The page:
21 February 2011

Ross and Lavery read on Wednesday!

House of Anansi presents

John Lavery and Stuart Ross
An unusual night of fiction (and song)

23 February · 7:30 pm

LeVack Block
88 Ossington Avenue

This is not your typical evening of fiction. I'm telling you.

Join us for this rare joint reading by John Lavery and Stuart Ross.

John will be reading from his widely acclaimed novel, Sandra Beck, and he'll be performing selections from his forthcoming CD, Dignity. He gives readings such as you have never before witnessed.

I'll be reading from Buying Cigarettes for the Dog, his ReLit Prize-winning story collection, as well as some new works, and possibly a preview from his forthcoming novel, Snowball, Dragonfly, Jew.

And it's free, damn it!

JOHN LAVERY is the author of two acclaimed story collections, Very Good Butter and You, Kwaznievski, You Piss Me Off (both from ECW Press), and the novel Sandra Beck (Anansi). Very Good Butter was a finalist for the Hugh MacLennan Prize for Fiction, and Lavery has twice been a finalist in the annual Prism International fiction contest. His stories have appeared in This Magazine, Canadian Forum, the Ottawa Citizen, and the London Spectator, as well as in the Journey Prize Anthology. He lives in Gatineau, Quebec.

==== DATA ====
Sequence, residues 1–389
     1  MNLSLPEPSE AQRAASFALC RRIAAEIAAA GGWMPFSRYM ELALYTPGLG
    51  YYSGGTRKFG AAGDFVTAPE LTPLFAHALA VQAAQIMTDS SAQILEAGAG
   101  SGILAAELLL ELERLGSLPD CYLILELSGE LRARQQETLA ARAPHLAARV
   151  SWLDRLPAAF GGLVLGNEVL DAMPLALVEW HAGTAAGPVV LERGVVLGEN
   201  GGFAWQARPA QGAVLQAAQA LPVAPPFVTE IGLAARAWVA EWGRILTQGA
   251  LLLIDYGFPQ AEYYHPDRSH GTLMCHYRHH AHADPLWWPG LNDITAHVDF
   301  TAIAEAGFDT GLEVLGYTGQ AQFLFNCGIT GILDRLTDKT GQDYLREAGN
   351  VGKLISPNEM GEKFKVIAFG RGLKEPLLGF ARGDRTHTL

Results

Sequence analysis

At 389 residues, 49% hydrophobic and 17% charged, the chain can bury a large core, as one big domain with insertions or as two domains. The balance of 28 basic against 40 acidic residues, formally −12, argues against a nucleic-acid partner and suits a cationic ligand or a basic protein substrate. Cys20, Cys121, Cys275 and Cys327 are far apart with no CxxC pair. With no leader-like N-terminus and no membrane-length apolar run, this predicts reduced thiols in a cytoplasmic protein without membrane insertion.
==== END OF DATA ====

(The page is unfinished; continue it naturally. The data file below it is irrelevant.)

STUART ROSS's most recent books are Buying Cigarettes for the Dog (Freehand Books), Dead Cars in Managua (DC Books), and I Cut My Finger (Anvil Press). Buying Cigarettes for the Dog was a finalist for the Alberta Readers' Choice Award and the Alberta Book Publishers Award, and is the 2010 winner of the ReLit Prize in the short-fiction category. Stuart is Fiction & Poetry Editor at This Magazine, and he has his own imprint through Mansfield Press. After half a century in Toronto, Stuart now lives in Cobourg, Ontario.

Over and out.

11 February 2011

First review of SDJ

Snowball, Dragonfly, Jew went to the printer this week, I think, and now it has received its first review, in the trade publication Publishers Weekly.

02/14/2011 Fiction

Snowball, Dragonfly, Jew
Stuart Ross, ECW, $17.95 trade paper (168p) ISBN 978-1-77041-013-8

Ross's slight first novel is composed of brief, somber, funny tales, and begins in Ontario with the narrator's memory of his mother avenging the gas chamber deaths of her Polish relatives by shooting a prominent neo-Nazi in the head. The fantasy of the victim suddenly empowered--his mother killing Rolf Köber as he steps out of a Jewish-owned hardware store, his hardhat spinning "like a dreidl"--becomes a mournful dirge that runs through these nostalgic and grim coming-of-age anecdotes. Both the narrator, Ben, and his mother have been bullied, she as a girl by Christian children, he by an older boy who forces him to destroy the book he's reading. As Ben destroys Black Like Me he thinks, "Now was the time to fight back," a vengeance fantasy that comforts him. Ben's parents die of cancer and his older brother, Jake, loses his memory, then his mind; Ben turns to performance art, reliving childhood traumas in acts called "Stagger" and "Nerve Endings," and often rehearsing fantasies, such as Jimmy Stewart's bell tower pursuit of Kim Novak in Vertigo. These are sharply composed vignettes with a keen sense of timing and humor. (Apr.)

Over and out.